One of the first things tourists learn about the great Pyramids of Giza is how they are not far away in some remote location. Turns out they’re just photographed that way with the Western Desert as backdrop. Turn around and you’ll see not just the bustling city of Cairo, but a freakin’ golf course. The next thing tourists learn is that there’s a lot of walking if you want to take in both pyramids and the Sphinx. Hope you packed some good shoes!
Or you could sit back and watch this one-hour-and-50-minute walking tour, shot in 4K, on a chilly January morning in 2019. There’s not many tourists around for most of it, better to instill a sense of wonder and otherness as you encounter these 4,500 year old structures.
With its relaxing bobbing-head camera and its immersive field recording soundtrack—headphones are recommended—the video tours the entire ancient area, starting with the Mortuary Temple of Khafre, then moving to the two main pyramids, the cemetery, the smaller pyramid of Menkaure, and ending on the Sphinx. There’s even room for a horse ride, although as it’s sped up, it turns out to be rather comical. It’s also a delight to hear the occasional camel make themselves known.
Open Culture has written about the Pyramids of Giza several times. We’ve linked to the massive Digital Giza Project; shown a 3-D reconstruction of what the pyramids looked like when they were originally built (they were gleaming white, for one thing); followed a 3-D tour *inside* the pyramid that is quite spine-tingling; and highlighted an introductory course of Giza and Egyptology. The only remaining of the Seven Wonders of the Ancient World continues to inspire a new generation of archaeologists, and this walking tour is as close as your browser can get to being there. ProWalk Tours’ YouTube site also offers many other pleasant walks, from the ancient to the modern. They’re worth checking out.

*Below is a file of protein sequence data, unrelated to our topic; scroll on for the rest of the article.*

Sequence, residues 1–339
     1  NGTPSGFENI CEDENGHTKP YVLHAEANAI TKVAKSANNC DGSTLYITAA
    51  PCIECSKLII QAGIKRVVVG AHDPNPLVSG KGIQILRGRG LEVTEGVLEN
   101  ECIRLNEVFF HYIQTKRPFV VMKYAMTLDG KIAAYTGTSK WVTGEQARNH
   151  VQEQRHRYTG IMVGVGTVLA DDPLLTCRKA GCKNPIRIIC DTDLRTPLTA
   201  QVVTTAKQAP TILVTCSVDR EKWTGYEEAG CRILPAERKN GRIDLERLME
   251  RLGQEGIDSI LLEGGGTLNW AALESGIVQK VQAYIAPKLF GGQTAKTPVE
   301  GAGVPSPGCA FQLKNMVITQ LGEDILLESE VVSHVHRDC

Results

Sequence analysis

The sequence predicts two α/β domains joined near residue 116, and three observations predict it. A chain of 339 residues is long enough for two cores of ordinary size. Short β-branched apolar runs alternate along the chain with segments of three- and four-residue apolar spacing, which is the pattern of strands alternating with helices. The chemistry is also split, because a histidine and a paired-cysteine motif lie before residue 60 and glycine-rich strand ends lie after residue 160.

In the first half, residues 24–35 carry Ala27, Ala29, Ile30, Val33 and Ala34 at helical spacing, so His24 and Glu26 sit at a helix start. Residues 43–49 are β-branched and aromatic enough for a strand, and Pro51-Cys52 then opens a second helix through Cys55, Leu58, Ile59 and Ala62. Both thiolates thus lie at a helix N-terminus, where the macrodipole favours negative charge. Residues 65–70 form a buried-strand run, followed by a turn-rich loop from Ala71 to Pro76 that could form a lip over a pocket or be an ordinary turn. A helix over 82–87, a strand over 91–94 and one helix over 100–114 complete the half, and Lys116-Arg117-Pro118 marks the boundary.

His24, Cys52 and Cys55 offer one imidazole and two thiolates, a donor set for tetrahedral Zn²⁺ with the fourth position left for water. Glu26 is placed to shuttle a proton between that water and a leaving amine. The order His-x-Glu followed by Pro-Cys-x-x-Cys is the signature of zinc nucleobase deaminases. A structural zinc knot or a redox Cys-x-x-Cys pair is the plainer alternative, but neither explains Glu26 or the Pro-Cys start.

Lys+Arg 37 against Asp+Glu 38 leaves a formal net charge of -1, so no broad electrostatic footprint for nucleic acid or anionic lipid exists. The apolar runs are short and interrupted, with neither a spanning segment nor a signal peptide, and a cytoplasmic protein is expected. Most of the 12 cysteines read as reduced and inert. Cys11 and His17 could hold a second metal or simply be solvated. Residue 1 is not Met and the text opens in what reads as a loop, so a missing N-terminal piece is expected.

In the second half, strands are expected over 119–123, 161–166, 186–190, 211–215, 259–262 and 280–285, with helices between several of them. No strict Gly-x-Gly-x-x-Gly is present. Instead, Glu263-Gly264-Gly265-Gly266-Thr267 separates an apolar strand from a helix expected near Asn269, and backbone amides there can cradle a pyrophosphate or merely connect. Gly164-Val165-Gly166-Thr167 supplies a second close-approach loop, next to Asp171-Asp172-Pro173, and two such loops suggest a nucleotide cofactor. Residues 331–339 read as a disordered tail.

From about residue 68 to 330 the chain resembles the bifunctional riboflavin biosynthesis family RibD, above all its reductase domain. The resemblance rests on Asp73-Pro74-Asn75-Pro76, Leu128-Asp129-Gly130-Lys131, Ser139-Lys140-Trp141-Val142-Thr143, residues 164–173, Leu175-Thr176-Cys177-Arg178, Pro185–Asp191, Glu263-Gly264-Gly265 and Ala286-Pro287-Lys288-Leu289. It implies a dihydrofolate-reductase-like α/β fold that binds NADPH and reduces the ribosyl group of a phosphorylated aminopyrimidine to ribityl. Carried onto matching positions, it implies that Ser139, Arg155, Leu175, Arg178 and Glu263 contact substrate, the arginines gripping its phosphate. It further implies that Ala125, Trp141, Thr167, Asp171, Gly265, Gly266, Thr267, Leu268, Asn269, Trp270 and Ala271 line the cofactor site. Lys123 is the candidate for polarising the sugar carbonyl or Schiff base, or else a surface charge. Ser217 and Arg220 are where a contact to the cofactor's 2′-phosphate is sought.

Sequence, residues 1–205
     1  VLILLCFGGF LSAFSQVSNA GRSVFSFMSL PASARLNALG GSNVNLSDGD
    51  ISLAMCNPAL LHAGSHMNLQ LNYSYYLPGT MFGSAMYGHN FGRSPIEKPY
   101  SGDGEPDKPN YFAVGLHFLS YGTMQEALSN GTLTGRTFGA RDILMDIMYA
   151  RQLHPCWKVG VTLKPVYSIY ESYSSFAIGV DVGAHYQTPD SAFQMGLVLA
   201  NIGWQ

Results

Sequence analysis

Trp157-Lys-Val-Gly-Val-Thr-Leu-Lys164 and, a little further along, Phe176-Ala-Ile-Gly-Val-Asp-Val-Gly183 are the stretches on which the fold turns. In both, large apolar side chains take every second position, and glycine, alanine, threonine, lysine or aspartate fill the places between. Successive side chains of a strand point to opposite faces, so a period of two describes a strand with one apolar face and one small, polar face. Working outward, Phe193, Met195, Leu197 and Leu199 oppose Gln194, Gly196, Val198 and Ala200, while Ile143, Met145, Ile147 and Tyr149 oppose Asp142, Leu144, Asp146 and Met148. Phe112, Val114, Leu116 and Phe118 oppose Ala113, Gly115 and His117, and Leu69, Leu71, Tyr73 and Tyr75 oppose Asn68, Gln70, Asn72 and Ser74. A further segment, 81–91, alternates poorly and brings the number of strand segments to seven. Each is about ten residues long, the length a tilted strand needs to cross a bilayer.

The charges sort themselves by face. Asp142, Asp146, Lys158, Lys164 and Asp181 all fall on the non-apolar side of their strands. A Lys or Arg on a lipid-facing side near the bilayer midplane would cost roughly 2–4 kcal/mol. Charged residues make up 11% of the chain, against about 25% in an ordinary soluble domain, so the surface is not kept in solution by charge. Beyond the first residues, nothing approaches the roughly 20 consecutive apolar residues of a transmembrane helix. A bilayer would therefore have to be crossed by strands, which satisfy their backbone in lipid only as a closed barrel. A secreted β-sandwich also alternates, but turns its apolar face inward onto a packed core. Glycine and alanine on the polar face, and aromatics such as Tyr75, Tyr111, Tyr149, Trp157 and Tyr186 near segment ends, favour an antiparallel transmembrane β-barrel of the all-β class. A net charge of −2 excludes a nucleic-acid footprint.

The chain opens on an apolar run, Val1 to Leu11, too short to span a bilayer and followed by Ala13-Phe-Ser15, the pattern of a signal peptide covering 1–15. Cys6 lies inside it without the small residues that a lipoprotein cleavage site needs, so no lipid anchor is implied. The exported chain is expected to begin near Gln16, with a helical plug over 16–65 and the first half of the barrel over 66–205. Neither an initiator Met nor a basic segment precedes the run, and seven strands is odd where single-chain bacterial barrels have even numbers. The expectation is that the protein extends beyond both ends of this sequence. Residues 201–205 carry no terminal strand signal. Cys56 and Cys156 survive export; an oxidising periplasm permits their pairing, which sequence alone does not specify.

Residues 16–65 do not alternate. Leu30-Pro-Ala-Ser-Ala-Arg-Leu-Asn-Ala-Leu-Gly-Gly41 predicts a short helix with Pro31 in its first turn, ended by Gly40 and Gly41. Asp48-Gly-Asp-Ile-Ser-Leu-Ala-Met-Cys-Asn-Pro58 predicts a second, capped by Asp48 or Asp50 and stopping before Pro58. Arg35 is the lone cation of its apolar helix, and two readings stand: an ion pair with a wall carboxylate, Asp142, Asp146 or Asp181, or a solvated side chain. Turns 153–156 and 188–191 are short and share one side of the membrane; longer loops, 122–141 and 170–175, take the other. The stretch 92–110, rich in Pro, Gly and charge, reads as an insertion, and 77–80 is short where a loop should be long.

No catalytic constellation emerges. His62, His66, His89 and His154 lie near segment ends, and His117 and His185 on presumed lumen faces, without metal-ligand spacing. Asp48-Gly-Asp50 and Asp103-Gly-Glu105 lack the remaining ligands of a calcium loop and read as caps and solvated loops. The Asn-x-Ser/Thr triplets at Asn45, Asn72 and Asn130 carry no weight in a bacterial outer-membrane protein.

Ted Mills is a freelance writer on the arts who currently hosts the Notes from the Shed podcast and is the producer of KCRW’s Curious Coast. You can also follow him on Twitter at @tedmills, and/or watch his films here.